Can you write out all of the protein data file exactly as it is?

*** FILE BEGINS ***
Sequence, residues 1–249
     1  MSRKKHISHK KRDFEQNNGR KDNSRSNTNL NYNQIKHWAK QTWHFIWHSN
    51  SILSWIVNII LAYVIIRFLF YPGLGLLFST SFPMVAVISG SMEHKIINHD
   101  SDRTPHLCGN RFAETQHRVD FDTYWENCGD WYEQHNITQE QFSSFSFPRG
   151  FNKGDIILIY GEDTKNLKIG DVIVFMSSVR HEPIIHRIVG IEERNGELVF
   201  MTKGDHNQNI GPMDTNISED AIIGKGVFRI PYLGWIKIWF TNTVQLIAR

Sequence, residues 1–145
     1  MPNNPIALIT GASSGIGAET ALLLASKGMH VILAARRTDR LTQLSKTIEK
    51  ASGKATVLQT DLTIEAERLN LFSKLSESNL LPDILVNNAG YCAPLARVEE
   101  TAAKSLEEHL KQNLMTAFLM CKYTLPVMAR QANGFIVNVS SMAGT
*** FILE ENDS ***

Sequence, residues 1–249
     1  MSRKKHISHK KRDFEQNNGR KDNSRSNTNL NYNQIKHWAK QTWHFIWHSN
    51  SILSWIVNII LAYVIIRFLF YPGLGLLFST SFPMVAVISG SMEHKIINHD
   101  SDRTPHLCGN RFAETQHRVD FDTYWENCGD WYEQHNITQE QFSSFSFPRG
   151  FNKGDIILIY GEDTKNLKIG DVIVFMSSVR HEPIIHRIVG IEERNGELVF
   201  MTKGDHNQNI GPMDTNISED AIIGKGVFRI PYLGWIKIWF TNTVQLIAR

Sequence, residues 1–145
     1  MPNNPIALIT GASSGIGAET ALLLASKGMH VILAARRTDR LTQLSKTIEK
    51  ASGKATVLQT DLTIEAERLN LFSKLSESNL LPDILVNNAG YCAPLARVEE
   101  TAAKSLEEHL KQNLMTAFLM CKYTLPVMAR QANGFIVNVS SMAGT